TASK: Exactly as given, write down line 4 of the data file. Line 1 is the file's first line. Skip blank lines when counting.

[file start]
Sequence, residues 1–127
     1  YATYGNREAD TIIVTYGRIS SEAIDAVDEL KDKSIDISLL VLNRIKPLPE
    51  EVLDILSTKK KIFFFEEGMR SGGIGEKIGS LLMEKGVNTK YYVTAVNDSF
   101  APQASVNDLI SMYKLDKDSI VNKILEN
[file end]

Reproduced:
   101  APQASVNDLI SMYKLDKDSI VNKILEN